Hi Dennis, nice to run into the same people on different forums! As I understand it, a linear PCM recorder should be perfectly adequate, and won't suffer from the wow and flutter of the cheap, portable cassette decks that early home computers (and Casio programmable calculators!) were often paired with. You might have to fiddle with the recording and playback levels because a lot of home computers and calculator tape interfaces are very finnicky about that sort of thing. But once you have a set of levels that work for a particular device, you shouldn't need to change them. An MP3 recorder might not work so well because its "psycho-acoustic" compression techniques might mess with the signal too much for the poor little calculator. (But at the end of the day, the signal only has two fundamental frequencies, so you might get away with it.)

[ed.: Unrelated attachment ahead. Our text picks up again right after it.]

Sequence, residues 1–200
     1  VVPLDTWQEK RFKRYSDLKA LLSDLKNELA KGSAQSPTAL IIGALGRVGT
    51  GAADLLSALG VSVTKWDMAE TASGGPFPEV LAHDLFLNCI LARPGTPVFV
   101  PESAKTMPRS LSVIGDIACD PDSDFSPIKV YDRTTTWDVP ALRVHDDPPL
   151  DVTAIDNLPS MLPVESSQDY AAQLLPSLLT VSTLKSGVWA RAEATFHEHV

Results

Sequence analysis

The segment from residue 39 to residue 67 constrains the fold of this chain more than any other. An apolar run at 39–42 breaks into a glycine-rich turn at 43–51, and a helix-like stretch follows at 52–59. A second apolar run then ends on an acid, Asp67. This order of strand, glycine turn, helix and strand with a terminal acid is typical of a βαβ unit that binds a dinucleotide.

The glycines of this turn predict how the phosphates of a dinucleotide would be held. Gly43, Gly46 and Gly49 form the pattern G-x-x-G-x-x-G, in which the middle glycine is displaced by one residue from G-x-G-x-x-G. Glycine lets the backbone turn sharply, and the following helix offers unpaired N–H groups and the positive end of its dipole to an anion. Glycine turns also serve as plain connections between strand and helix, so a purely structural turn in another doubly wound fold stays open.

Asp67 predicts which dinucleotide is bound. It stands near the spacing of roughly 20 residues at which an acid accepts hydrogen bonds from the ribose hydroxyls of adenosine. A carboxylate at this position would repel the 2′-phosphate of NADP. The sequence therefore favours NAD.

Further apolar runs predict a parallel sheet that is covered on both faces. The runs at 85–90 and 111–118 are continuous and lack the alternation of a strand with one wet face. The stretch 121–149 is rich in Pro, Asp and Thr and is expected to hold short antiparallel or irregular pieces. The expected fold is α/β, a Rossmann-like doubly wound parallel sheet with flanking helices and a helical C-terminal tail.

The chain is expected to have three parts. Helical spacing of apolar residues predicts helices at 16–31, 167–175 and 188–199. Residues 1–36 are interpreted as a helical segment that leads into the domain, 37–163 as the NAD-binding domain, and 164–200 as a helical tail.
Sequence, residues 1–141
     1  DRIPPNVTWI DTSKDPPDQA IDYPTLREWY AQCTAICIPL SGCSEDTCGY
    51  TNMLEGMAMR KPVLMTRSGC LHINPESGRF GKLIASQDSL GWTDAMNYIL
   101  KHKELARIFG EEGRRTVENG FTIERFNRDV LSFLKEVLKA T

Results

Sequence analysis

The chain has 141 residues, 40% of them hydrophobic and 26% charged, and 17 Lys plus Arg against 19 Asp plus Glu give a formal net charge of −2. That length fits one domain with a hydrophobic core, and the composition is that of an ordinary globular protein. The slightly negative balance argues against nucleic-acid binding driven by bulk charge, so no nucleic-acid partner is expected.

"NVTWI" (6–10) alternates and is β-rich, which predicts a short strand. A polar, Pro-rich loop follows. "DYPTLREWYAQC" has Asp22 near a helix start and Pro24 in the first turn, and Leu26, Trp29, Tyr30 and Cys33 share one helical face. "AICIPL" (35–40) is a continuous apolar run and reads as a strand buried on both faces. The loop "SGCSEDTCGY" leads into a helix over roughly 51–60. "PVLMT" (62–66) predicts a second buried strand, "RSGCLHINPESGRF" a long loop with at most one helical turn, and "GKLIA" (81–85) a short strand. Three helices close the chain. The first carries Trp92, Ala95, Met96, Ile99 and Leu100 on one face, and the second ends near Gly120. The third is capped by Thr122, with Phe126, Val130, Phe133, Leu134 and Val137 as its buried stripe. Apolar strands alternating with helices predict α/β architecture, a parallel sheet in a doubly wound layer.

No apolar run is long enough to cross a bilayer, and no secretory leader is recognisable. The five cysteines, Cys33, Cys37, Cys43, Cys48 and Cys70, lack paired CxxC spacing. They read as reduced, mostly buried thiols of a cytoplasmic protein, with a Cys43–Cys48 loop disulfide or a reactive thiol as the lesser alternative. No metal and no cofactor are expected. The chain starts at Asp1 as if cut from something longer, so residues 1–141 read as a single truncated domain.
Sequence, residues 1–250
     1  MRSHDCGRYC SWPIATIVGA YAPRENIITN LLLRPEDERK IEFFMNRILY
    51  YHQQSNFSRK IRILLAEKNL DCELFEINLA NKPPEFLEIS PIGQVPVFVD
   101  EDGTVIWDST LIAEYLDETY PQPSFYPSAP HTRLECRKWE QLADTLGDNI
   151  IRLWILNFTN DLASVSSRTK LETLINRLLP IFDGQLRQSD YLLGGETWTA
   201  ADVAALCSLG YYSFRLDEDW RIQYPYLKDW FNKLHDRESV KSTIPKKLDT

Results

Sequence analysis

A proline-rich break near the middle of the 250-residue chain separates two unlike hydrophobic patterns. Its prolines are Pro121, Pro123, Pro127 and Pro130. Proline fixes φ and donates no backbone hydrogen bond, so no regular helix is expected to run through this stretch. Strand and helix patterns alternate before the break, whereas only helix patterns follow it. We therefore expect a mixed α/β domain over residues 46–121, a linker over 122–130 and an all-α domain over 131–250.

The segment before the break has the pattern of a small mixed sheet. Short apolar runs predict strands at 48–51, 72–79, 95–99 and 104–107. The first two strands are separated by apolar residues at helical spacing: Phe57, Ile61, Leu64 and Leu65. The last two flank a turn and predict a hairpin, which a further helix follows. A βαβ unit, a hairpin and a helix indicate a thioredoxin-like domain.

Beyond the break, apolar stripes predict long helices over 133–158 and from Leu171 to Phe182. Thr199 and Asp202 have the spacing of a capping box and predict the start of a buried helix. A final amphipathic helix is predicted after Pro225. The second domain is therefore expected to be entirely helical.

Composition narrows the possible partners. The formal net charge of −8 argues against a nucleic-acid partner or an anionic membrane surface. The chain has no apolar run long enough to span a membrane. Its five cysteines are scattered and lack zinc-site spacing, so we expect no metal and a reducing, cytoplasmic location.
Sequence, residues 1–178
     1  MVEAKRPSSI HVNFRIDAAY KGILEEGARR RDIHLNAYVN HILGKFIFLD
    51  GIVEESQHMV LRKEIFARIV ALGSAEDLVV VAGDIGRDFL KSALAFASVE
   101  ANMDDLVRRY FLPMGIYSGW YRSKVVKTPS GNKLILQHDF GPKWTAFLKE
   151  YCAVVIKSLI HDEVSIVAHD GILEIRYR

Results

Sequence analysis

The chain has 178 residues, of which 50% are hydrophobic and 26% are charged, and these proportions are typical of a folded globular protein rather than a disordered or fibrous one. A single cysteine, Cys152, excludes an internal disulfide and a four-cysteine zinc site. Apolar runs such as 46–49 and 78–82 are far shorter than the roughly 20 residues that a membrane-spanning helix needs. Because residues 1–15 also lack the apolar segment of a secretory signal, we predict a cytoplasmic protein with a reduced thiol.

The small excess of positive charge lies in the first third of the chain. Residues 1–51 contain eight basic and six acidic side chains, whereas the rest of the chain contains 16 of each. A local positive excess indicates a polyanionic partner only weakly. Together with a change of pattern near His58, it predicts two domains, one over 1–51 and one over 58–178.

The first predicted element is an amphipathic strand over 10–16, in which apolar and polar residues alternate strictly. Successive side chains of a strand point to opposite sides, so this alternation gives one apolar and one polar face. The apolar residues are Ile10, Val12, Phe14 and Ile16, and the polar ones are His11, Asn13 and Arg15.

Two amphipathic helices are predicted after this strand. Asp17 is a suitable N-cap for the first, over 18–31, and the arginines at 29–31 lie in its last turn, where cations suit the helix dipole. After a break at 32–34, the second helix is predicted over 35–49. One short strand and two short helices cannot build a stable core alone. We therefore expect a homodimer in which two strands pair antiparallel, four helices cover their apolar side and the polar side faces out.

The FX-502P was my first programmable calculator, which I bought in my sixth form years (in the deluxe package that included the FA-1 tape interface - I had a Saturday job to pay for such luxuries). Those were the days - I loved programming that thing, and also used it through my university years. I can't say it was my first programmable device; that would be the Science of Cambridge MK-14, but that couldn't do much. Eventually, it stopped working after lingering in a drawer for a while, and like an idiot I threw it away along with the FA-1 when flat moving. I've since learned that it would probably have been a fairly easy fix to get it working again. No matter, I have since acquired another one (and lots of other calculators!) via eBay.
P.S. You might recognise the object in the background of my avatar picture!
Edited by ijabbott63, 11 September 2021 - 08:05 AM.